Disparities in Statin Use for ASCVD Unexplained by Disease Severity, Structural Factors

Article

A cross-sectional analysis suggests disparities in statin use for several race–ethnicity–gender groups were not explained by ASCVD severity or structural factors, including socioeconomic status and health insurance.

Ravy K. Vajravelu, MD | Image Credit: University of Pittsburgh

Ravy K. Vajravelu, MD

Credit: University of Pittsburgh

New findings from a nationally representative analysis revealed a lower prevalence of statin use for the primary prevention of atherosclerotic cardiovascular disease (ASCVD) among non-Hispanic Black men and non-Mexican Hispanic women, compared with non-Hispanic White men.1

The trend continued into secondary prevention of ASCVD, with a lower prevalence of statin use observed in non-Hispanic Black men, multiracial men, Mexican American women, non-Mexican Hispanic women, non-Hispanic White women, and non-Hispanic Black women, compared with non-Hispanic White men.

“These disparities were not explained by measurable differences in disease severity or access to resources, and therefore may be partially mediated by care process factors, including bias, stereotyping, and mistrust,” wrote the investigative team, led by Ravy K. Vajravelu, MD, from the division of gastroenterology, hepatology, and nutrition at the University of Pittsburgh School of Medicine. “Because those statin use disparities may contribute to disparities in overall cardiovascular morbidity and mortality, they highlight the importance of societal interventions to health delivery systems to reduce inequity in care delivery and treatment."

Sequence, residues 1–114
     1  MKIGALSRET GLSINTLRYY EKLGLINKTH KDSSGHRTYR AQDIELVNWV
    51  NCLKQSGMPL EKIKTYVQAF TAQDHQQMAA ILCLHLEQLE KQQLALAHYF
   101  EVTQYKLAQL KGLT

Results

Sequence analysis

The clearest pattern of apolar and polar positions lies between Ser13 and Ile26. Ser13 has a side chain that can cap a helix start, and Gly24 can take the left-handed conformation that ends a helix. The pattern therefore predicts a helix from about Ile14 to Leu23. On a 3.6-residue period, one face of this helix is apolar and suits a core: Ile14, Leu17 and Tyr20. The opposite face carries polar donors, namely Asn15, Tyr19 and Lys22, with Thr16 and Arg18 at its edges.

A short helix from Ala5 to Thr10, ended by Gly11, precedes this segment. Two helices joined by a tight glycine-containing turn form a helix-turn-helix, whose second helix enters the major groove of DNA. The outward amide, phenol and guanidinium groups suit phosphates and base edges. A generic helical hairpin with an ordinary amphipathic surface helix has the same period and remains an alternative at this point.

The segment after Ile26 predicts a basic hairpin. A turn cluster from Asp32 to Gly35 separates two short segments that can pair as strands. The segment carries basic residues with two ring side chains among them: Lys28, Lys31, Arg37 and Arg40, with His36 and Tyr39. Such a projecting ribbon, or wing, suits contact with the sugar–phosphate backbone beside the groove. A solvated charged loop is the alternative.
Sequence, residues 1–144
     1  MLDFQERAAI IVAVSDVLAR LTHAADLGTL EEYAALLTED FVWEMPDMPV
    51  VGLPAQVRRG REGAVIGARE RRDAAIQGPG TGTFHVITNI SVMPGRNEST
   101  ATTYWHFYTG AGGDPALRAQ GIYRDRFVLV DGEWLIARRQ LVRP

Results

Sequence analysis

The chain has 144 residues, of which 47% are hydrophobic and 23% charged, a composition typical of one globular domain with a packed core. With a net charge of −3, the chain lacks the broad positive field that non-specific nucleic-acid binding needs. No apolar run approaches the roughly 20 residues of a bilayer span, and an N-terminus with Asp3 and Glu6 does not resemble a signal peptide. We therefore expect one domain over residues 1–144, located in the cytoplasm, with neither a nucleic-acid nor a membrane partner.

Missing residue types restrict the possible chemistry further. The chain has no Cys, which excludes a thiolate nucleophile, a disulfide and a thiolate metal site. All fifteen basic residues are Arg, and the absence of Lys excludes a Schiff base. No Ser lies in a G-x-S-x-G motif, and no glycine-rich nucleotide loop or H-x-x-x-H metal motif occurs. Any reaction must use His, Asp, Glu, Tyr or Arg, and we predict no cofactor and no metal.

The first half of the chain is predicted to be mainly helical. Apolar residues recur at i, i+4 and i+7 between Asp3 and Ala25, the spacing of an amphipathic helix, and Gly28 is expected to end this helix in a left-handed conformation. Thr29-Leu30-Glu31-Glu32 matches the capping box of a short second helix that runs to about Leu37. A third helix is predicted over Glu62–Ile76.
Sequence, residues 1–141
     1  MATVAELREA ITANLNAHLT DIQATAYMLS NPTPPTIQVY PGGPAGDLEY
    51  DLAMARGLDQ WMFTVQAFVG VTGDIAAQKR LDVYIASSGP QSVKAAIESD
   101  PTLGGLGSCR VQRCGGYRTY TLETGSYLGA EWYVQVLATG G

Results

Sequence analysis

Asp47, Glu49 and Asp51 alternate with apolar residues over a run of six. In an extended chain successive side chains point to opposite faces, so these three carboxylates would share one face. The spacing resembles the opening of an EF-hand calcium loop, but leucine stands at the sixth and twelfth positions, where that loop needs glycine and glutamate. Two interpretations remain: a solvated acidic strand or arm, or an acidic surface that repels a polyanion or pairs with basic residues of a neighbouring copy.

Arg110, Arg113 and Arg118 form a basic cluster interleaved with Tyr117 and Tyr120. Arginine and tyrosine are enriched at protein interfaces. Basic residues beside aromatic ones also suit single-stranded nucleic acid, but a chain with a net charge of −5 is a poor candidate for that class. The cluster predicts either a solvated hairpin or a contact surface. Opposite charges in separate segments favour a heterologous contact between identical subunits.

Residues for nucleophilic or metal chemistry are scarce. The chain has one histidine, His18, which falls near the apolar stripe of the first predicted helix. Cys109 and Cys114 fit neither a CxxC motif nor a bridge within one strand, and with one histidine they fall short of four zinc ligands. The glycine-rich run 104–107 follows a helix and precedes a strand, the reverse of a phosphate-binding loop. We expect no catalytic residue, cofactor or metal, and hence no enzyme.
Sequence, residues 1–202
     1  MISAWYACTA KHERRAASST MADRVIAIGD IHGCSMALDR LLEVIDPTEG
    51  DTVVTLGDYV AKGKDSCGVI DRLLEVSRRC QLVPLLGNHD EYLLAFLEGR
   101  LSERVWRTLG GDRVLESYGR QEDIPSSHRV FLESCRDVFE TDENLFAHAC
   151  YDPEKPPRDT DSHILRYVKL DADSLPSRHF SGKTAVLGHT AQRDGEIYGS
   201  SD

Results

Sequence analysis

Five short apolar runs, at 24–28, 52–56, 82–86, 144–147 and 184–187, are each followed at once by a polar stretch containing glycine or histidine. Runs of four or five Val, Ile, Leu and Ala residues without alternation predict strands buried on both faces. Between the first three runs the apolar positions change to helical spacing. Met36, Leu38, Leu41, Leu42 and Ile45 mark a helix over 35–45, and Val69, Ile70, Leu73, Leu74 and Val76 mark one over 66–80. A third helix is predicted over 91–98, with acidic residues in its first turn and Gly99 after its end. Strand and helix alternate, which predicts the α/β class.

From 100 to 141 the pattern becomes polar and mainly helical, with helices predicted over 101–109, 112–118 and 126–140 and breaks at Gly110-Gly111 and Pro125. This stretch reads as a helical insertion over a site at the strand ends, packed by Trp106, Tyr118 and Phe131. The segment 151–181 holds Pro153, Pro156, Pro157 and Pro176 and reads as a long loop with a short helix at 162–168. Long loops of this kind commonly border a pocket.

A class of medications that reduce low-density lipoprotein cholesterol (LDL-C) levels, statins are a class 1 recommendation for the prevention of ASCVD and its complications. However, despite these recommendations, the rates of guideline-recommended statins remain suboptimal and could contribute to disparities in cardiovascular health outcomes.2 A clearer understanding of racial, ethnic, and gender-based differences in statin use could better inform strategies to improve these outcomes on the population level and particularly for systematically marginalized individuals.

Using cross-sectional, health status data from the National Health and Nutrition Examination Survey (NHANES) 2015 - 2020, the investigative team aimed to estimate differences in guideline-recommended statin use by race, ethnicity, and gender for primary and secondary prevention of ASCVD. In order to understand whether these potential disparities are explained by factors influencing the medical appropriateness of statin use, the team calculated the prevalence of statin use adjusted for age and disease severity.

The analysis focused on patients eligible to receive statin therapy by class I recommendations in the 2013 and 2018 American College of Cardiology/American Heart Association (ACC/AHA) blood cholesterol guidelines. For primary prevention, it included individuals without ASCVD aged 21 - 75 years with an LDL-C of ≥190 mg/dL, aged 40 - 75 years with diabetes, or aged 40 - 75 years with a 10-year ASCVD risk of ≥7.5%. For secondary prevention, it included individuals aged 21 - 75 years with clinical ASCVD.